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  15. First of all, I DO understand being a food addict. It does sound harsh but I KNOW what you mean.

    My first thought, if you've had the craving for THAT long, than go ahead and get it once and be done. But then I thought, if you cave once, it will be easier to cave again. And again. That's what happens to me. I have to stay strict with myself or I just can't succeed.

    Who's in charge in your life?? You or the food! Make sure it's YOU who is charge! Next time you drive by Red Lobster, I want you to stick your tongue out at it and tell them where to go! (in a nice christianly way of course). :-)

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  16. This doesn't sound crazy at all - it sounds like all the thoughts regularly roaming around in my head. I'm a food addict too. I had a bit of a meltdown just last night after indulging in way too much peanut butter and crackers and a bunch of other crap but I stopped myself before I went on an all out binge. It was a close one but I struggled through it and worked out extra hard today to make up for it.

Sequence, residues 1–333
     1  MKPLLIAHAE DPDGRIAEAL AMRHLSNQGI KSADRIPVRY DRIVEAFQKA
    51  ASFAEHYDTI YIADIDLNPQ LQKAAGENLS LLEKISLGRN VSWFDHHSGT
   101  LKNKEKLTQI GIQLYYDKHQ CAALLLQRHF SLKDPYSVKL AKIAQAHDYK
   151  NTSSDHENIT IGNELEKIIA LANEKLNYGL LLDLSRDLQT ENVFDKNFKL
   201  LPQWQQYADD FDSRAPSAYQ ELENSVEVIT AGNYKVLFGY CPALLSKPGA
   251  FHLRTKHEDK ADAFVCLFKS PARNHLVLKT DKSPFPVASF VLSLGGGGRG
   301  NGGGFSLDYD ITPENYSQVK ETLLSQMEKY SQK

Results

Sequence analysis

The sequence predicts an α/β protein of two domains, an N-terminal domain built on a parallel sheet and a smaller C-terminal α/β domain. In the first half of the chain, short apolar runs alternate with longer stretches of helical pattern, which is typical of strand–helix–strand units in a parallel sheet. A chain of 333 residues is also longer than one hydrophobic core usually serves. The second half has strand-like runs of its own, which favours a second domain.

On previous "diets" I would totally avoid the "BAD" foods and if I slipped up once it was all over, I was off the wagon and all bets were off. Now, I try not to look at anything as "off limits" because that only makes me want it more. If I were you I would either go to Red Lobster and split your favorite crab dish with someone and enjoy every single bite of it or I would try to recreate a healthier version of it at home. Good luck!

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  17. "And YES, there are people out there that read weight loss blogs that don't have an eating/weight problem. Weird...I know...but it happens. :)"

    Haha, I'm one of those people! I read them because it's really inspiring to me to see people taking the initiative to change their health for the better. I really like the stories.